4 Top Issues in Health Care for 2015

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A PR professional moves an altered reality viewer-app on a smartphone over compatible documents.Looking ahead to the new year, we can already see some significant health issues looming over the horizon. Based on last year’s emerging trends and changing preferences, here are four of the top issues that face health care going into 2015.

1. Self-Care on Digital and Mobile Devices

As healthcare apps, websites, and devices become more acceptable to both doctors and patients, there are greater risks involved for both parties. Patients run the risk of misdiagnosing themselves when using the apps alone, and if they’re using an app to communicate with a doctor, their private information is at risk of data theft for the sake of convenience.

2. Influx of Newly Insured Patients

Thanks to Obamacare, over 10 million people in the United States are newly insured, and that number will continue to grow in 2015. On top of that, a recent health survey showed that the millennial generation ranks health benefits as number two on their list of most important factors when making career choices, even above compensation which was ranked at number three. This means that young people will likely be contributing to the healthcare market in 2015 more than ever before.

This growing market for health care will change marketing strategies and inspire changes to better manage and deliver care. It will also increase the demand for new healthcare professionals, possibly even resulting in a shortage of doctors. The job market in the healthcare field is expanding rapidly, with over a million new jobs added since The Affordable Care Act first passed.

3. Experiments in Cost Control

One of the biggest issues in healthcare over the past several years has been out-of-control costs. The growth of costs in the healthcare market is slowing down lately, and we partially have Obamacare to thank. Because the government is now more responsible for covering the cost of healthcare for those insured, it has more incentive to pass legislation to further regulate healthcare costs.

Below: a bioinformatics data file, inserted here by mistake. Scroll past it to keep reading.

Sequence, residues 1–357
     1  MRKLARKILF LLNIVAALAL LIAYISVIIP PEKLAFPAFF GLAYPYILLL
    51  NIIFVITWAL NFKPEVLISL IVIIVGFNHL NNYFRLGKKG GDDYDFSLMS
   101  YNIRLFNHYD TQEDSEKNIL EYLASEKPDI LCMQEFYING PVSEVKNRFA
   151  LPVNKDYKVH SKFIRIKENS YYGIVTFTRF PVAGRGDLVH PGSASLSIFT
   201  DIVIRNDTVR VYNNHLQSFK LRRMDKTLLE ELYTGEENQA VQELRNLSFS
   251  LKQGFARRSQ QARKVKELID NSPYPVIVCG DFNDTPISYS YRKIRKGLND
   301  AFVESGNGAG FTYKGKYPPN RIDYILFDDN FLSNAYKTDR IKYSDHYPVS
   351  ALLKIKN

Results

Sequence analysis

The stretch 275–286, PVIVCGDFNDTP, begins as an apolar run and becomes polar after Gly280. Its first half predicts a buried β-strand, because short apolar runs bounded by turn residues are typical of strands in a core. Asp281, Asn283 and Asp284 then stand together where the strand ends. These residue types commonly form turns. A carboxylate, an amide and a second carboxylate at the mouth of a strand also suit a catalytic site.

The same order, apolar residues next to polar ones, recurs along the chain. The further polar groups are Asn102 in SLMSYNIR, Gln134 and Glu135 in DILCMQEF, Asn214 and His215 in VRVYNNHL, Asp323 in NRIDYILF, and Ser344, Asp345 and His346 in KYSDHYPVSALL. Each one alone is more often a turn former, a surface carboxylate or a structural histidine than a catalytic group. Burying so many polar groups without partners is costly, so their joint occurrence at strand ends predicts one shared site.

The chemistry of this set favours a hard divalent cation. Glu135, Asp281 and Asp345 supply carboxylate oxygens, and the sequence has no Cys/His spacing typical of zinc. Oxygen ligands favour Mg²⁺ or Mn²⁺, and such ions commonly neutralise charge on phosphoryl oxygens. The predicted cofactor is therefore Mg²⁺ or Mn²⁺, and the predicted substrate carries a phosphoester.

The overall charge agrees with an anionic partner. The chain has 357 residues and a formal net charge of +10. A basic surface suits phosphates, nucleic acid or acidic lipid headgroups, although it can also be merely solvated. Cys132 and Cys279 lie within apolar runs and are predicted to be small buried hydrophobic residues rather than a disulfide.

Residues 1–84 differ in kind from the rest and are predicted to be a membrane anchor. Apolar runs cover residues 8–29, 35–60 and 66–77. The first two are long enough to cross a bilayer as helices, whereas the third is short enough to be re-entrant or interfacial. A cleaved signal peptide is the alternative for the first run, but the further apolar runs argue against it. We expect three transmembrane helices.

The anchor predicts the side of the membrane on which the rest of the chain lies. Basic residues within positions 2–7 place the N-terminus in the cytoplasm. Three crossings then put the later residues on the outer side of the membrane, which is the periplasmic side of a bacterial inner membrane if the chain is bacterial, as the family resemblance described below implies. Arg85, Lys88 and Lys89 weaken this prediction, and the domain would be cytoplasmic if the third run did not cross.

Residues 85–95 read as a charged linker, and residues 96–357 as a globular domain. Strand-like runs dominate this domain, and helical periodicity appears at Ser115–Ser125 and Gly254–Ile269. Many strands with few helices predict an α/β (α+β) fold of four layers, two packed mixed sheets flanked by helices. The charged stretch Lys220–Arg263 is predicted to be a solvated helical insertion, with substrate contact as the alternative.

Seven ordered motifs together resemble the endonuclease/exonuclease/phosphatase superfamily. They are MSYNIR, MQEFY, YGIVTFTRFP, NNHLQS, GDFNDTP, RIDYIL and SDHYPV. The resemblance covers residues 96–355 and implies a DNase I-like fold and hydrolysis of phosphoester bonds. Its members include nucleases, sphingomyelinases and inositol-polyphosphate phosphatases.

Existing stipulations within Obamacare that encourage hospitals to take part in accountable care organizations and bundled payment pilots are experiments meant to incentivize lower-cost care. So far they have been met with questionable success, but, according to “The New Yorker,” it’s far better than doing nothing since there is no quick fix.

4. Growing Health Risks From a Variety of Sources

Many of the big news stories about health in 2015 will focus on increasing risks from all kinds of diseases and conditions. Some of the more pressing issues include bacteria strain’s growing resistance to antibiotics, the dangerous rate at which patients die from hospital errors and hospital-acquired infections, the lack of fresh produce available in excessively rural and urban areas (food deserts), stress-related conditions, and Alzheimer’s.

Rest assured, the healthcare industry is adapting to combat these issues as best it can. The rate of preventable death from hospital-acquired conditions decreased last year, research is in process for new anti-infection techniques, and new health care professionals are making pioneering contributions to the field. The year 2015 has a lot of promise for both those newly insured and those with chronic health conditions.

Sources:

http://www.pwc.com/us/en/health-industries/top-health-industry-issues/index.jhtml
http://www.forbes.com/sites/dandiamond/2014/06/06/since-obamacare-passed-50-months-ago-healthcare-has-gained-almost-1-million-jobs/
http://www.newyorker.com/magazine/2009/12/14/testing-testing-2

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